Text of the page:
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Jade plant leaves are green, as is the majority of the jade plant itself and indeed most succulents. Any color besides green is a sign of abnormality and in the case of over-watered jade plants, this abnormality manifests itself in the form of yellow leaves.
In this case, the tissue cells of the jade leaves, which carry a biochemical component that gives the leaves it’s green hue, are gradually depleted by the excess moisture within the leaves.
This leads to less biochemical reactions critical in the production of the green hue of jade plants and in it’s absence, the leaves bleach themselves of their color and become yellow.
Yellow leaves usually take time to appear and thus tend to be the last symptomatic sign of over-watered jade plants. So if you see that you’re jade plant leaves have become yellow, then understand that it’s a sign that you’re jade plant is in critical condition and your chances of setting it to rights are slim.
This is caused by water-clogged soil due to excess water. Jade plants roots are notorious for needing extremely low levels of water and thus prefer dry soils.
When they become overwhelmed by a deluge of water they react as most succulents do which is to absorb as much water as they can.
This amount of water exceeds the roots’ needs and due to it’s inability to shed this excess water it becomes soggy and drenched. In mixture with the soil around it, these conditions set in the process of the roots becoming rotten.
What Can You Do To “Fix” An Over-Watered Jade Plant?
So now that I’ve shed a bit of insight into some of the circumstances behind why some of the symptoms of over-watered jade plants occur, the next question one might ask themselves is what to do in order to “fix” or prevent this from happening again.
The most critical component of relieving an over-watered jade plant is to improve the conditions of the roots. Remove the plant from your pot, shake off as much of the waterlogged soil from your roots, remove the most affected rotting roots (to prevent future spread), and then re-pot the plant in a much more conducive environment.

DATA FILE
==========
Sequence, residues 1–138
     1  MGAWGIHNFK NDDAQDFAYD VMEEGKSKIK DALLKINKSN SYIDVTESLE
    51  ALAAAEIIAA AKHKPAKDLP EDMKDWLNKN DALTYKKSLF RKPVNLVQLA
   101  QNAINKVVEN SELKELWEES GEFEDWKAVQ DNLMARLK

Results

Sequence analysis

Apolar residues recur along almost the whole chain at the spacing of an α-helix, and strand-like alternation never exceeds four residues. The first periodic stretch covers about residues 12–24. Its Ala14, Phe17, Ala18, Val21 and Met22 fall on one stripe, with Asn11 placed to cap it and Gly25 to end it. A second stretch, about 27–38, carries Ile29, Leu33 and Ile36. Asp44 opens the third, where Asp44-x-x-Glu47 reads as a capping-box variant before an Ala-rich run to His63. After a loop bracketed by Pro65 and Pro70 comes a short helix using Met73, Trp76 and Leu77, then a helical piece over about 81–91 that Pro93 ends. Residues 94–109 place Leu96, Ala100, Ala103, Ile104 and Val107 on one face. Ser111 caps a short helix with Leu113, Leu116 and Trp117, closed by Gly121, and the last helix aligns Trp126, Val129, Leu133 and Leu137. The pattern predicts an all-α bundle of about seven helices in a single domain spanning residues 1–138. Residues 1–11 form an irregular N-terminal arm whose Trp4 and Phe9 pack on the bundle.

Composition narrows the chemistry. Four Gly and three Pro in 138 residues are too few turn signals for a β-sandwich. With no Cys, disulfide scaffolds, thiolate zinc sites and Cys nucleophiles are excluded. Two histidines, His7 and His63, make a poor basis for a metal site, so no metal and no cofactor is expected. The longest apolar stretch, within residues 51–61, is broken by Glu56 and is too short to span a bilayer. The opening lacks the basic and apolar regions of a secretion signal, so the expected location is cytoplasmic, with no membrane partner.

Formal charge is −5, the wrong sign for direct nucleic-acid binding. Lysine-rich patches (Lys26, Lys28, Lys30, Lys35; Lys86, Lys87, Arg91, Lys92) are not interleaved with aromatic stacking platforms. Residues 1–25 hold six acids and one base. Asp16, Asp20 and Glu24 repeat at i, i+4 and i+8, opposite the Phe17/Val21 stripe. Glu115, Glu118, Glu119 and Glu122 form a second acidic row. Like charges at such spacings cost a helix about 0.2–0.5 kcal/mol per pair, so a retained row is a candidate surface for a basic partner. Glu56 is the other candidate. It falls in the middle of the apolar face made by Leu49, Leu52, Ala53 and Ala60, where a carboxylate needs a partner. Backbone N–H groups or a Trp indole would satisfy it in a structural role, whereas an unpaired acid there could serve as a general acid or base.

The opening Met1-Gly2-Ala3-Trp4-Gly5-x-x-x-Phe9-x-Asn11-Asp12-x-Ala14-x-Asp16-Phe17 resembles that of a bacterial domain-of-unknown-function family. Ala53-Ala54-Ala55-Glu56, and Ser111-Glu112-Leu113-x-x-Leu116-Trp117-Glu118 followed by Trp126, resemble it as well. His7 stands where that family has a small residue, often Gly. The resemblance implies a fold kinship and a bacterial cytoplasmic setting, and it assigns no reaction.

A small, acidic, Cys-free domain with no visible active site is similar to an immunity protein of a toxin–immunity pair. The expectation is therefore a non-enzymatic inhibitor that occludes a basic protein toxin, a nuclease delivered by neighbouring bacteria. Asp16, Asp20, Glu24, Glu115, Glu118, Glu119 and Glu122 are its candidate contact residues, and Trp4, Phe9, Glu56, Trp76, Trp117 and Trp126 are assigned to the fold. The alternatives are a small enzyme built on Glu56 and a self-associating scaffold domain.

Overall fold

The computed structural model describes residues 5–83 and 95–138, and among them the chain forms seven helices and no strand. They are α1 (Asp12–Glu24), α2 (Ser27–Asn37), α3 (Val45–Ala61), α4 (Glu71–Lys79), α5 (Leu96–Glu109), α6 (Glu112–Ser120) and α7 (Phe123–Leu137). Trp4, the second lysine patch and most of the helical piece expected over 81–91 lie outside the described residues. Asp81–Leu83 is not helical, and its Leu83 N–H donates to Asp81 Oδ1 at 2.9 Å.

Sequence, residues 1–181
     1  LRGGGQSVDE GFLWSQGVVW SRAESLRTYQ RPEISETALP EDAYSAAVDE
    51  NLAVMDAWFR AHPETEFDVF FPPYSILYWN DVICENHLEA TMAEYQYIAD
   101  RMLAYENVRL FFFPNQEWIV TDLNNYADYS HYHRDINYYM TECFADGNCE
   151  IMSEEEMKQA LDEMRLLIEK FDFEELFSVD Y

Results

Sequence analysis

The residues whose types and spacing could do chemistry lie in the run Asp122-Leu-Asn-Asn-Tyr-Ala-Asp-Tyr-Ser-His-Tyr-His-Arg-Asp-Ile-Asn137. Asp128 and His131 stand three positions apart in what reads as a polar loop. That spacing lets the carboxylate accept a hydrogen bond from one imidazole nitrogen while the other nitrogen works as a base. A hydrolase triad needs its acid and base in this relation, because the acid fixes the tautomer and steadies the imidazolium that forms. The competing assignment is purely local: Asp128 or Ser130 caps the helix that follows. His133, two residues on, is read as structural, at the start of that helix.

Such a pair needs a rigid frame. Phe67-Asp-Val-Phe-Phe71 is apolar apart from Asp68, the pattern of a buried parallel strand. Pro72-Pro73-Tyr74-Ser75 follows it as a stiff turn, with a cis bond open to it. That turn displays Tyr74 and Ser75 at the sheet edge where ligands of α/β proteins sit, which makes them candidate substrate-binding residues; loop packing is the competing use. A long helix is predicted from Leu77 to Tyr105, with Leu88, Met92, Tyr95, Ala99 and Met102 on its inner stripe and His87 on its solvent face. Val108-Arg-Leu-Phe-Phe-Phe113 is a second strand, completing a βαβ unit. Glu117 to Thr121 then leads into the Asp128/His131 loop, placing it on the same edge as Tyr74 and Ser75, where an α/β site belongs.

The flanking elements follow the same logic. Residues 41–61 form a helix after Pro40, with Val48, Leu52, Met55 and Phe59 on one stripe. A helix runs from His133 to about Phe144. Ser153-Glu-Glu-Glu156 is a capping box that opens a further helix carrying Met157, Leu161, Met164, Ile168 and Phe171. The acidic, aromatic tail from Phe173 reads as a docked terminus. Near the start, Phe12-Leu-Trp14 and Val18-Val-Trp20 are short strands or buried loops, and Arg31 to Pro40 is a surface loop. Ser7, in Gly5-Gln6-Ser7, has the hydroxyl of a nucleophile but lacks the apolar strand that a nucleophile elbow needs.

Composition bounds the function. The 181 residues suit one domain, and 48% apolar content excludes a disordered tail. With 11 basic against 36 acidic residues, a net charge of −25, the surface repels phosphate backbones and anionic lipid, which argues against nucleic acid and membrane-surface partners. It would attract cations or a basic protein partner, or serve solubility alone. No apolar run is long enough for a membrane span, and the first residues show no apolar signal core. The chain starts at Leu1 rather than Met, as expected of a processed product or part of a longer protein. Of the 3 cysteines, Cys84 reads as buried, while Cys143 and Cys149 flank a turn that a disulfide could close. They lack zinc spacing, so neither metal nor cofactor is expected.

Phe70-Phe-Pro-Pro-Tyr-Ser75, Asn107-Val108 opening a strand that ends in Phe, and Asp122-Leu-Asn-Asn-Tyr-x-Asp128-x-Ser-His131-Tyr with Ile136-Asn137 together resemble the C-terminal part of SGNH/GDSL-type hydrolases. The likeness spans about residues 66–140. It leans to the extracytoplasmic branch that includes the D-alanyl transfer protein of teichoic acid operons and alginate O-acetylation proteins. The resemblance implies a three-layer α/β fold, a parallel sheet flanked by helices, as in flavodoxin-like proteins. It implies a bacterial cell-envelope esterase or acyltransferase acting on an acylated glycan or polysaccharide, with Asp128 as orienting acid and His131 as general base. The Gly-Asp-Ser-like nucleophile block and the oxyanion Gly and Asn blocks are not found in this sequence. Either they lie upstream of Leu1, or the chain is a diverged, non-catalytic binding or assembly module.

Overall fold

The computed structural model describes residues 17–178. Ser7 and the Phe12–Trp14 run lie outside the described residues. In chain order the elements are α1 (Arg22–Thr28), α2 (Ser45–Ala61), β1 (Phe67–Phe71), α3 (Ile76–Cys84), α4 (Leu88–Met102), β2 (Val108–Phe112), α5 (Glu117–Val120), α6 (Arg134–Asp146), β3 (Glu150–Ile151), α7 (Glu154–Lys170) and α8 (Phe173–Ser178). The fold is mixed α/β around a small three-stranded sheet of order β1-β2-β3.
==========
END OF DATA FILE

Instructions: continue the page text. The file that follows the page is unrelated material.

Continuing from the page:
When removing the roots, make sure that the ones that you retain have a white internal coloring. If you see any brown coloring, continue to cut the root until only the white parts of its internal flesh remain and then re-pot.
Use a fresh, dry soil mixture when re-potting and ensure that it is fast-draining as a countermeasure against any future possibility of over-watering. The best soil mixtures tend to be ones that you yourself have created according to the needs of your jade plant.
However, if you get confused, then remember that the best soil mixtures for jade plants tend to have a combination of potting soil, coarse sand, and perlite.
Besides these, or simply because you don’t have any of the three key ingredients that I mentioned, then succulent potting soil or cactus soil should prove sufficient.
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If you’re a jade plant lover, then there’s nothing like an over-watered jade plant- and it’s attendant effects- to get your spirits down. Normally proving to provide a barely conspicuous yet calming and green atmosphere for your home, an over-watered jade plant can be a sight for sore eyes when it’s symptoms set in.
The best way to deal with this unfortunate situation is to tackle it from the root-pun not an intended-of problem. This includes tending to the waterlogged soil by depleting it, cutting away any rotting roots, and re-potting your jade plant with a soil mixture that’s conducive to it’s growth. If you do this, then your over-watered jade plant problems will quickly become a thing of the past.
I’m Elsa, and I love gardening. I started GardeningElsa.com as a resource for other gardeners, and I offer expert advice on gardening topics such as plants, flowers, herbs, and vegetable gardening. On my website, I share my latest tips and tricks for creating beautiful gardens. When I’m not working on my website, you can find me in my own garden, tending to my plants and flowers. Read more about me.